PRINEVILLE, Ore. — The recently fired police chief of a central Oregon town says he was undone by an ambitious deputy who had eyes for his job and a city government that resented the leave he took for military service.
Former Prineville Police Chief Eric Bush says in a lawsuit that he was unjustly fired last week after a 10-month investigation by the city that centered on his alleged abuse of the city’s flex-time policy and the falsification of hours worked.
The investigation also looked at his possible misuse of office computers for personal and National Guard-related matters. The city has declined to release the investigation.
The Bulletin reported that Bush was placed on paid leave Sept. 3 of last year, the first day he returned to work after a nearly monthlong National Guard assignment in South Korea, and more than three weeks before Prineville officials announced it publicly.
Police Capt. Michael Boyd was positioning himself to be Prineville’s next chief and described Bush as “corrupt,” an “embezzler” and a “liar” to others in the department, the suit says.
Shortly after Bush had been placed on leave, the suit says, Boyd reportedly told department employees, “Chief Bush might just kill himself and that would be the easiest outcome.”
Neither Boyd nor City Manager Steve Forrester immediately returned a call from The Associated Press on Saturday.
According to the complaint, shortly after Bush was promoted to brigadier general in September 2011, some city employees began expressing concerns that his commitments to the National Guard were taking him away from the police department too often.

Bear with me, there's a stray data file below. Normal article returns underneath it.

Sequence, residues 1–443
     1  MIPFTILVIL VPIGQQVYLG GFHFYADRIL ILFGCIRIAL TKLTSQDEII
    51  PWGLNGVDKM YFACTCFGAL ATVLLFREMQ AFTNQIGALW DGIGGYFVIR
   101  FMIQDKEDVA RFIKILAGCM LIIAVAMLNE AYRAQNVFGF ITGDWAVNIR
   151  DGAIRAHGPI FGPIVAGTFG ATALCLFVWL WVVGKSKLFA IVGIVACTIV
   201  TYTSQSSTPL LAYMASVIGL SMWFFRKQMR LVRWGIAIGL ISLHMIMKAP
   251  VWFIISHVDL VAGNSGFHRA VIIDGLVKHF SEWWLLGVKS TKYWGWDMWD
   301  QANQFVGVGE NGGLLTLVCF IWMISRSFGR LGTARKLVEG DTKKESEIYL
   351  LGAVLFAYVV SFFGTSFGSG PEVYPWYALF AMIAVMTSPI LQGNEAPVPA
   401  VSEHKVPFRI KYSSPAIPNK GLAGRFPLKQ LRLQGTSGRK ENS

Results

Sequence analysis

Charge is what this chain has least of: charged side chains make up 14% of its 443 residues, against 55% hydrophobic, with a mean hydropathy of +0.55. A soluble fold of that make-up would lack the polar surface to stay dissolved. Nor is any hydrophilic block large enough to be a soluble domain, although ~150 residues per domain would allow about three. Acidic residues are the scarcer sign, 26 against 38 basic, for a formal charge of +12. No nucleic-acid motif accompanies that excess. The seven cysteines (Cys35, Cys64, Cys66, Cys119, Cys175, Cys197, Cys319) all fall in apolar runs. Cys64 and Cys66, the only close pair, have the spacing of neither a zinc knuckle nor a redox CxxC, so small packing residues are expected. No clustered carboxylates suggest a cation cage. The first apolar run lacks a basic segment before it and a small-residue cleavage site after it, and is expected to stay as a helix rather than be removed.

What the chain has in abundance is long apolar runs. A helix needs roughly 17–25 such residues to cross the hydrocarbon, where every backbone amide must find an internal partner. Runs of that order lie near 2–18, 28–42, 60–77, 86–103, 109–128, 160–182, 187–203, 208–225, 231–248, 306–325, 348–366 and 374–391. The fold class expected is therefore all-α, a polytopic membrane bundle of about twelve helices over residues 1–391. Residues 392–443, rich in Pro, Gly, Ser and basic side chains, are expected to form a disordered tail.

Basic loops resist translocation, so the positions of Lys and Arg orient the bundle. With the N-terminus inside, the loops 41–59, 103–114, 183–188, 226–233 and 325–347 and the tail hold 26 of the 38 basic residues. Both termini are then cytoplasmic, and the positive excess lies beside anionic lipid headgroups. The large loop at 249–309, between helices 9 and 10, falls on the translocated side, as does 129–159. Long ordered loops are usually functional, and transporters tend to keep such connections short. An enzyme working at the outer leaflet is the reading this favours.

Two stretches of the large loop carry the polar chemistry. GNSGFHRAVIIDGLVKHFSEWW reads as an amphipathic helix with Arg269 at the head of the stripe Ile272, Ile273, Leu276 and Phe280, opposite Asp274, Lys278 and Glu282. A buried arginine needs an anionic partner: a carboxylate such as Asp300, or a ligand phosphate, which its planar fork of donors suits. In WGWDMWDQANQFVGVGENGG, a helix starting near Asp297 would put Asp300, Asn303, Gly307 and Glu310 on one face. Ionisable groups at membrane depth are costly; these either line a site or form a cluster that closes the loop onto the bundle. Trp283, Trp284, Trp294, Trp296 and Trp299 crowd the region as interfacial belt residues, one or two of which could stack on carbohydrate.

Bush was in South Korea with the National Guard from Aug. 4 through Aug. 31. On Aug. 28, the city retained the Local Government Personnel Institute to begin investigating Bush.
Mayor Betty Roppe said she was unable to comment on Bush’s suit, but has confidence in the city manager’s ability to make day-to-day personnel decisions and supports his dismissal of Bush.
She said council members received regular updates on the investigation over the past 10 months and conceded the process dragged on longer than she would have preferred.
“The city had to be really cautious and make sure our investigation was thorough,” she said. “Public employees have a lot of rights, and we had to make sure our i’s were dotted and our t’s were crossed.”
Bush’s suit seeks more than $2.5 million from the city to compensate for the loss of future wages and benefits along with additional noneconomic damages for defamation and the deliberate infliction of emotional distress.